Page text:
Service life - XTAR Dragon VP4 Plus

jp_over

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Friends,

What's a reasonable expectation of service life for a medium/heavy use charger? My application is for protected 18650s (KeepPower). I charge 3 batteries 3-4 times per week.

Specifically, I have an XTAR Dragon VP4 Plus that I've used since 11/2019. Recently I had a problem with one of my flash lights. Going back to the charger, I discovered that one of the channels incorrectly indicates a full charge resulting in me running 3 18650s with 1 being undercharged.

If 3 years is reasonable, could I expect better with something like the SkyRC MC3000? Currently I can't find these in stock outside of Amazon. Of note, I ordered a new MC3000 from Amazon and received a used one that I returned. I'm still looking for a reputable seller who has the MC3000 in stock but am OK with just getting another Dragon VP4 Plus if 3 years is good for medium - heavy use.

Thanks,

Joe
 

SYZYGY

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good question. i'm not really sure. i have had a few chargers, and all of them still work, but i don't use them as heavily as you do.

for the MC3000 specifically, you could try posting in this thread:


and asking people how long they've had theirs, about how often they use it, and if it still works.

i've had mine for less than a year (still works).
 

dragosios

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Usually capacitors are the weak components. Average capacitors are specified as having 1000 working hours usefull life. Altough it may seem as a short time, electrolytic capacitors have a wide tolerance and many of them continue to work even as their capacity decreases and ESR increases.
The hotter the charger is and the more heating/cooling cycles has, the shorter the life. Contemporary lead free solder has a tendency to crack also while under thermal stress.
 

jp_over

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Usually capacitors are the weak components. Average capacitors are specified as having 1000 working hours usefull life. Altough it may seem as a short time, electrolytic capacitors have a wide tolerance and many of them continue to work even as their capacity decreases and ESR increases.
The hotter the charger is and the more heating/cooling cycles has, the shorter the life. Contemporary lead free solder has a tendency to crack also while under thermal stress.

Thanks dragosios - that sounds about right. 4 hours per week @ 3.5 years is roughly 728 hours.

As an update, I've ordered another MC3000 from Amazon (seller RotorLogic, listed as a US Dealer). If I receive a new unit (rather than used/open box as previously) I'll set it up for slower charging to reduce heat and perhaps prolong it's service life.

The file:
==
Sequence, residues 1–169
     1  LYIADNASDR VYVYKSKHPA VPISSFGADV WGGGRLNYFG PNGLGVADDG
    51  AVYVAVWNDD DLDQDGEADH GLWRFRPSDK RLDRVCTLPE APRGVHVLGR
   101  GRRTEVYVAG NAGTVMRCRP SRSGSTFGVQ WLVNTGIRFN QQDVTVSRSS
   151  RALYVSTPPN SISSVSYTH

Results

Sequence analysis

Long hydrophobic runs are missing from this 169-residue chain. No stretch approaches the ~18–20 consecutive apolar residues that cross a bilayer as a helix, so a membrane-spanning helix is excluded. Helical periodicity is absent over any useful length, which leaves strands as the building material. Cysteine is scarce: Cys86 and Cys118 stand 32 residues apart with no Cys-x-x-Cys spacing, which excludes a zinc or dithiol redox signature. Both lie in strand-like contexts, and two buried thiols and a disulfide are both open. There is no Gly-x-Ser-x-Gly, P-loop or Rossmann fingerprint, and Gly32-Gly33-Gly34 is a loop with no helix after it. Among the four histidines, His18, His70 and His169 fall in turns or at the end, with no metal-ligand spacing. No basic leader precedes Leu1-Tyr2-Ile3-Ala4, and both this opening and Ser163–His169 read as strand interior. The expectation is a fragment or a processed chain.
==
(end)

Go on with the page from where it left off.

ChrisGarrett

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Why are we blaming the Xtar charger and not the cell?

I have ~15 Xtar chargers, so I'm a fan, but perhaps that one cell is old, or just plain crapping out on you?

Discharge all cells to 3.6v, and then rotate them into the problem slot and see what you see?

Usually electronic stuff dies early on, from 'infant mortality.'

Things do break, but I'm wondering about the cell and cells.

Chris
 

dragosios

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Keep in mind that the manufacturer (of capacitors mostly) is presenting a MTBF, mean time between failures which is just statistics based on an accelerated aging process under laboratory conditions. This is trying to mimic real life, but still it's not real life.
So a capacitor may fail 1h into operation or evem 1234hours ... but these are more like exceptions so low into that graph that they are considered negligble.
 

louie

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My Dragon is from 2018 and still fine. Any electronics can fail at any time IMO, warranty takes care of infant failures. After that, I think it's largely luck. Low cost consumer electronics are cheaper but seldom repairable. Most electronics today are vastly more reliable considering their complexity, than say, a tube TV of 1960.
 

dragosios

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Yes, indeed, we see quite reliable devices, but now comes into play planned obsolescence which was not tought of back then.
If I put some more thinking on it, we have other kind of problems: lead free solder cracks under thermall stress and that is worse with miniaturization of high heat disipation chips ...
But stil, a charger like this does not have so much thermal stress. It's more likely that capacitors will get dry because of age instead.
 

louie

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Certainly electrolytic capacitors are a weak point, but I doubt Xtar designed a 4 year life span on purpose. I feel OP had bad statistical luck and most units should have a reasonable service life past the warranty period (my Xtar said 2 years warranty).
 

dragosios

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While I tend to agree about bad statistical luck I should also point that double the warranty life sounds good statistically. It was not an early failure at all,
 
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